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Environmental Ethics (PHIL 2171)

Credits: 3
Lecture Credits: 3.00

Description: This course applies a range of multicultural ethical theories to contemporary issues affecting ecosystems: climate change, wilderness preservation, animal rights, food, energy, green initiatives and sustainable growth, among others. You will learn to think critically about the relationship between human beings and the environment, including the place of urban centers in the natural environment and essence of our moral obligations to the land. You will be encouraged to think about these issues from a global perspective and to gain awareness of global and local connections.

Topical Outline:

1. A survey of major theories, such as: Biocentric individualism, Holism, Ecofeminism, and Indigenous Ethics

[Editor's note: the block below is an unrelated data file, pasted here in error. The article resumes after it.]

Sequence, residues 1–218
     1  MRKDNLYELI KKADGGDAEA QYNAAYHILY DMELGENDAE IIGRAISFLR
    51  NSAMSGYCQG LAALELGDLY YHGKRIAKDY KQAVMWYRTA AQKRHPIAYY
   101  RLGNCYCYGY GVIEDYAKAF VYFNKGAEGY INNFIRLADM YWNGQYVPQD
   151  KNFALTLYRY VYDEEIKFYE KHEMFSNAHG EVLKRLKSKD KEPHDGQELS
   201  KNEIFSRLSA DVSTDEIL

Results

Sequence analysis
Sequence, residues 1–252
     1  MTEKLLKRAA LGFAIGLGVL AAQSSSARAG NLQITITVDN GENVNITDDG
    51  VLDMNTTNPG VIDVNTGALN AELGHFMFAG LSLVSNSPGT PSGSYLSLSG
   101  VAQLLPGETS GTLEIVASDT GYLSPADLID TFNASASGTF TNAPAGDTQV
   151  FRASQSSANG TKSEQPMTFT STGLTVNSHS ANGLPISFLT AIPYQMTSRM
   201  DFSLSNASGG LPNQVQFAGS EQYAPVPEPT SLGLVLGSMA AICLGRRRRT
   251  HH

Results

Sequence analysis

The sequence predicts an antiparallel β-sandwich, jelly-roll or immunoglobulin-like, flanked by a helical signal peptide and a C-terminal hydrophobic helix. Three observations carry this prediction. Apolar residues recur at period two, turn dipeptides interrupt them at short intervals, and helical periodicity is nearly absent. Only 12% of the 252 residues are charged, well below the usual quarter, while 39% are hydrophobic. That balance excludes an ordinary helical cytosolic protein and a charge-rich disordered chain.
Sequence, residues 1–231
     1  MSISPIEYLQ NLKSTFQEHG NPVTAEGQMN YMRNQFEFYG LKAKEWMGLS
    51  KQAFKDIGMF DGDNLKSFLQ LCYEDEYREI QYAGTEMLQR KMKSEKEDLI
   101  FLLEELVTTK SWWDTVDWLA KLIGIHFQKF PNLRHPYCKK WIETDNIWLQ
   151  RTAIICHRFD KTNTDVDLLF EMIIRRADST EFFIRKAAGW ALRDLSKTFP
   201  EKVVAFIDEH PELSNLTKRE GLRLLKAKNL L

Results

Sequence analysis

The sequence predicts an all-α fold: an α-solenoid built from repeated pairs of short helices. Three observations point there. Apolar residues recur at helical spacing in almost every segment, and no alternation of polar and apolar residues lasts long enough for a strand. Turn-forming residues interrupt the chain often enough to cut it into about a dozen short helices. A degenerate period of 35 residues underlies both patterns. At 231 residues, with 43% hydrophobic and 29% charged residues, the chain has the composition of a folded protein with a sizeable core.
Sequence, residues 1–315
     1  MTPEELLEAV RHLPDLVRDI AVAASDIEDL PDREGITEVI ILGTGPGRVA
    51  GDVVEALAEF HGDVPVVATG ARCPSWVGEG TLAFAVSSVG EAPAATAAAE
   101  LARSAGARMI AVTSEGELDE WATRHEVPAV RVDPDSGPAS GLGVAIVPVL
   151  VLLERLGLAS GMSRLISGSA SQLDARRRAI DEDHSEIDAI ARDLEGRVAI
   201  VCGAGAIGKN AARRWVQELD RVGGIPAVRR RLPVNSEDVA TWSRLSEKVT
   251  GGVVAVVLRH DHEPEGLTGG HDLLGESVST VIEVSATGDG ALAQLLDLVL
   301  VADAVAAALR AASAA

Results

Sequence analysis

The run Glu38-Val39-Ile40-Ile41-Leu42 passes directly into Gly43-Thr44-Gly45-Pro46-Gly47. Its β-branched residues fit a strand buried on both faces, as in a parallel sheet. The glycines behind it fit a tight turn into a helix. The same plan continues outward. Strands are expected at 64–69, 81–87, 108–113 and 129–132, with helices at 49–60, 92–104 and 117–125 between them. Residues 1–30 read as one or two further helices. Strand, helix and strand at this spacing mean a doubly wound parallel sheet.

2. A critical analysis of historical, social, economic, cultural, and philosophical factors that shape the way we understand the environment and our sense of ethical judgment
3. A comparison between differing ways to evaluate environmental ethical judgments, such as: environmental justice, cost-benefit analysis, the logic of scarcity, risk-assessment of novel technology, and the virtue of simplicity
4. Applications to contemporary issues, such as: Global climate change, pollution, wilderness preservation, biodiversity and species extinction, animal rights, food issues, and urban growth and technology


Learning Outcomes:
1. Explain and evaluate major multicultural environmental ethical theories
2. Demonstrate an understanding of the historical and social context of environmental issues and theories
3. Propose and assess alternative solutions to environmental problems
4. Articulate and defend the actions they would take on various environmental issues
5. Discern patterns and interrelationships of bio-physical and socio-cultural systems
 

Prerequisites:

ENGL 1110 or ENGA 1110.

MnTC:
  • Goal 6
  • Goal 10